No electronic money tokens shall be offered to the public in the Union or shall be admitted to trading on a trading platform for crypto-assets unless the issuer of such electronic money tokens:
(a) is authorised as a credit institution or as an ‘electronic money institution’ within the meaning of Article 2(1) of Directive 2009/110/EC;
(b) complies with requirements applying to electronic money institution set out in this Titles II and III of Directive 2009/110/EC, unless stated otherwise in this Title;
(c) publishes a whitepaper notified to the competent authority, in accordance with Article 40.
Crypto asset service providers, inclusive of crypto-exchanges, are a focal point of the proposal. Providers must apply to the member state authority to be qualified to offer these services.
Custody requirements are outlined along with mandated information on traded crypto-assets such as public bid-ask prices and depth of trading. Relevant data on all trades must be held for at least 5 years.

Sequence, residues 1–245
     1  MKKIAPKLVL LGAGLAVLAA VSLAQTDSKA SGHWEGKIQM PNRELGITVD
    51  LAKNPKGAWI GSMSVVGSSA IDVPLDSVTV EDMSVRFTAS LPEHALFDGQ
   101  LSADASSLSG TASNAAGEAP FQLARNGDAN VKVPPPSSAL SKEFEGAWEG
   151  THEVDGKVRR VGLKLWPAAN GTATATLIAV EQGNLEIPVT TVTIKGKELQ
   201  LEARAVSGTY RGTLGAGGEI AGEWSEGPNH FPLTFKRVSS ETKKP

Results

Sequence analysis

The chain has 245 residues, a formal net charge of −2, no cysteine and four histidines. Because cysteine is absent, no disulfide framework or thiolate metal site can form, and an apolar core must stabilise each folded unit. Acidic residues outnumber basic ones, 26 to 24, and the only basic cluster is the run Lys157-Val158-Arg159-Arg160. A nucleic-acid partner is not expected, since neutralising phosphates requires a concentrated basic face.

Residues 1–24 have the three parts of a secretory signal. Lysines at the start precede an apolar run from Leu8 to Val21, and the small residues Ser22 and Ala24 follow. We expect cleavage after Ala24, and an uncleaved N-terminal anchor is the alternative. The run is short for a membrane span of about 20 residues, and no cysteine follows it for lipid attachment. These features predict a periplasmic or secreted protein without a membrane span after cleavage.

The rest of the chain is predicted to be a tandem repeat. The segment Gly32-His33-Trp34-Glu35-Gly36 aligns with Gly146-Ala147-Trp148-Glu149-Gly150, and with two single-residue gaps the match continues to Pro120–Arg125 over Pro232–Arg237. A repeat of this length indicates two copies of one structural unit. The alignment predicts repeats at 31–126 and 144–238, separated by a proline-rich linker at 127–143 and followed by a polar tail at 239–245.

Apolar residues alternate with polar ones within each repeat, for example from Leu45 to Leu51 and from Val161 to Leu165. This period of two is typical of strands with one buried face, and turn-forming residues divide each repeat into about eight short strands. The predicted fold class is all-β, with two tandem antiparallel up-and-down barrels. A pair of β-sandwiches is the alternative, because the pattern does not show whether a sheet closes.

The ESMA shall establish a register of all crypto-asset service providers.
The big caveat to this document is that it is draft legislation and obviously can change before it becomes an official proposal. As well, we continue to dig through the details of the proposal which require further scrutiny. If you have a comment please let us know ([email protected]).
Much of the final compliance mandates must be outlined by the EBA and ESMA and this will take a fair amount of time. If this makes it across the legislative hurdle it may provide a greater degree of clarity for both issuers and platforms operating in the crypto-asset sector across all European member states.
The draft proposal is available here.